We’ve been looking at some new location based uses for Node-RED recently. To this end we’ve been standardising on adding the information under the msg.location property.

msg: {
  topic: "foo",
  payload: "bar",
  location: {
    lat: 51.02477
    lon: -1.39724
  }
}

As part of this I’ve been writing a geofence node. This will allow messages to be filtered against specific regions.

The first pass worked well supporting both circular and rectangular regions, but configuring it by entering coordinates is not the most user friendly.

Screenshot from 2014-11-11 22:23:33

After a bit of playing with leafletjs and the leaflet.draw plugin I managed to come up with this which should be a lot more intuitive.

Geofence config dialog

At the moment it needs to load the leaflet js and css from a external server until we come up with a way to bundle static content inside nodes. This shouldn’t really be a problem as it’s having to load the map tiles from the internet as well. I’d like to find a way to pass in a base URL for the map server and to gracefully fall back to the text version if there is no access to a map server.

The map version also supports creating arbitrary polygon regions by joining up multiple points.

I’m still trying to get the config dialog to gracefully fall back to the basic version when there is no access to a mapserver but having problems with detecting the failure to download a map title. Any pointers would be gratefully accepted.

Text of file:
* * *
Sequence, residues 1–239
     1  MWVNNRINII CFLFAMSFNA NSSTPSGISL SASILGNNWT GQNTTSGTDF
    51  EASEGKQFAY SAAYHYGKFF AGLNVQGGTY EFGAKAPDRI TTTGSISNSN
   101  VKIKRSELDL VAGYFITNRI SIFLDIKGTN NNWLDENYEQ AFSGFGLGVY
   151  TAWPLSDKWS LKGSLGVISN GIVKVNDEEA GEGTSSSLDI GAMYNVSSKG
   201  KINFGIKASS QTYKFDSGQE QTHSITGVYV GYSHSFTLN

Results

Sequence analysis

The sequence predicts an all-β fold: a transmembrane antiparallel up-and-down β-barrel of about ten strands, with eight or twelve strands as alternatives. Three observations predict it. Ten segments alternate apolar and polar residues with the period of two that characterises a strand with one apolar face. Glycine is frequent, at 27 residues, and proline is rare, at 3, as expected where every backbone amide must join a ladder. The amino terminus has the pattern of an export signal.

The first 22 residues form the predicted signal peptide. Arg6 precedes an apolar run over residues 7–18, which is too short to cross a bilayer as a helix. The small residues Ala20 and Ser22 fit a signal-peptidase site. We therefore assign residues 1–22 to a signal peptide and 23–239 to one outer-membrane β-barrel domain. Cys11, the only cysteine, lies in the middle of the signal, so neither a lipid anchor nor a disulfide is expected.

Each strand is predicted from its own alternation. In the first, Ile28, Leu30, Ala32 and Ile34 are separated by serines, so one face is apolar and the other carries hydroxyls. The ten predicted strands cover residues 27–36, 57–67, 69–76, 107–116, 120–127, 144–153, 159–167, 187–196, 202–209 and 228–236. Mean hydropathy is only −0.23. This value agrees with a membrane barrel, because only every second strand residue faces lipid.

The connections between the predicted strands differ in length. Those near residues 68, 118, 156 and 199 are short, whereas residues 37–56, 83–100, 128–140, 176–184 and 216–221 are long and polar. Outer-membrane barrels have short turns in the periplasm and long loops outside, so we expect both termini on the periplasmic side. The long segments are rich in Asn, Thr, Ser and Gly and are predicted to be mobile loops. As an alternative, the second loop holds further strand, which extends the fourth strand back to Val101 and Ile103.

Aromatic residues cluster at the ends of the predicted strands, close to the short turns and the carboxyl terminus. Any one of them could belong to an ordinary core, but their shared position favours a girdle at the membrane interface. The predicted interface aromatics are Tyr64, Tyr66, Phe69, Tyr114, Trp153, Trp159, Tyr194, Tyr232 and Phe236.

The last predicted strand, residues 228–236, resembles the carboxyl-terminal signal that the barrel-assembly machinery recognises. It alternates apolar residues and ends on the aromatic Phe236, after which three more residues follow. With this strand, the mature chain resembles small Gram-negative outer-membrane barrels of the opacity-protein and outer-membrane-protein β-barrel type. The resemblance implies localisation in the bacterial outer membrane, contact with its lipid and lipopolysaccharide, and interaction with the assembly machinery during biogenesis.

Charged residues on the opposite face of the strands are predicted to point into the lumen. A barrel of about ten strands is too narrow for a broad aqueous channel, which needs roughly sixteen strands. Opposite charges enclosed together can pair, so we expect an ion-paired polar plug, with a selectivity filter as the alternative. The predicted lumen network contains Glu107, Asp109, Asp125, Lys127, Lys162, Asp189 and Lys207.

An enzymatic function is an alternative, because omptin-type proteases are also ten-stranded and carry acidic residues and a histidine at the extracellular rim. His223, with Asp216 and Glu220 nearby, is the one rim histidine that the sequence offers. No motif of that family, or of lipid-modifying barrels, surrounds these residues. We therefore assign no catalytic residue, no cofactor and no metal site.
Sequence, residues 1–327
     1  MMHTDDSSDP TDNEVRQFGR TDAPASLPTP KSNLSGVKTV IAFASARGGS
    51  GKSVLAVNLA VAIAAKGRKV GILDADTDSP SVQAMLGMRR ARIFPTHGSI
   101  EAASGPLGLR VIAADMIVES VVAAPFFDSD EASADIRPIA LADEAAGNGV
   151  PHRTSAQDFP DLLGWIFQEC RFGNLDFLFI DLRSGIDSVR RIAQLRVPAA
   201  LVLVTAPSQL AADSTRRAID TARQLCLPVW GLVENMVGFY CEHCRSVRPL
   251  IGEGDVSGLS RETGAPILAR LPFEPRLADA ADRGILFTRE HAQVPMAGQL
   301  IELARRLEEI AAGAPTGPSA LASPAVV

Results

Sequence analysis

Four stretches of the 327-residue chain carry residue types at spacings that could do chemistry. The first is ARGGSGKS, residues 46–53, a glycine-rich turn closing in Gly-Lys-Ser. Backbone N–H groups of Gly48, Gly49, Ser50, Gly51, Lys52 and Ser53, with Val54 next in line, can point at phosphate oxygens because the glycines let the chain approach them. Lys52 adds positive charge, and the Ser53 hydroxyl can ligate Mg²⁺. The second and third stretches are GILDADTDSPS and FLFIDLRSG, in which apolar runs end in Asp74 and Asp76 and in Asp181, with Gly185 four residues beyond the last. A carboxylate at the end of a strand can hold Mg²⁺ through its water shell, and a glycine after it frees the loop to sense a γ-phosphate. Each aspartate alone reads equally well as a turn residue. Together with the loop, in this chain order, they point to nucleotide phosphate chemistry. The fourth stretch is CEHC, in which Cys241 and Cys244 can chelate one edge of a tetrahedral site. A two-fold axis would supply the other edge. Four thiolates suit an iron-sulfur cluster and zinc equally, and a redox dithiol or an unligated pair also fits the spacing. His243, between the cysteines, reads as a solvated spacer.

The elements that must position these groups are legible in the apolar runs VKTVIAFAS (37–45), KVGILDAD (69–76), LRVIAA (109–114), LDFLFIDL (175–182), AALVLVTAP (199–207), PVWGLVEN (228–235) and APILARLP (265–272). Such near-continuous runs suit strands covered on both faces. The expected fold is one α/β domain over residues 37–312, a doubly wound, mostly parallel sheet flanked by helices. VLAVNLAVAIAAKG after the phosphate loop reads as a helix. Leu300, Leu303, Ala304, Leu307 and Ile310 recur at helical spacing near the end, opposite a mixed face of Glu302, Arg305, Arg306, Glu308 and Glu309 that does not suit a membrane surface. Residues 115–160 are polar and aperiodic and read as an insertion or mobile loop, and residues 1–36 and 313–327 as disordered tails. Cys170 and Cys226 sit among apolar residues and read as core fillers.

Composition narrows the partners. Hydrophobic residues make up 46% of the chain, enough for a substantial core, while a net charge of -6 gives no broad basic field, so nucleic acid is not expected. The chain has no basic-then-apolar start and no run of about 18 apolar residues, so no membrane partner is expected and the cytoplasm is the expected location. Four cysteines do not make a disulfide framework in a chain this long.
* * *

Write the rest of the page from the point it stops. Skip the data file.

The code is on github and on npm. It can be installed with:

npm install node-red-node-geofence

LDAP and NFC Node-RED Nodes

About a week ago a colleague asked me to help resurrect some code I had written to use our work ID badges to look up information on the card owner in order to log into a system for a demonstration.

The ID badges are basically mifare cards so can be read by a NFC reader. The content of the cards is encrypted, but each card has a unique ID. Unfortunately the security team will not share the mapping of these IDs to actual people, but since this is for a demonstration that will only be given by a relatively small number of people it’s not a problem to set up a list of mappings our selves.

The original version of this code used nfc-eventd and some java code to the IDs then do a lookup in a little database to convert these to email addresses. It worked but was a bit of a pig to setup and move between machines as it required a number of different apps and config files so I decided to have a go at rewriting it all in Node-RED.

NFC ID Flow

To do this I was going to need 2 new nodes, one to read the NFC card and one to look up details in the LDAP. Both of these actually proved reasonable easy and quick to write as there are existing Node NPM modules that do most of the heavy lifting. The flow has a couple of extra bit, it uses a mongodb to store the id to email address mappings and if there is no match it uses websockets to populate a field in a separate web page to enter a email address to update the database.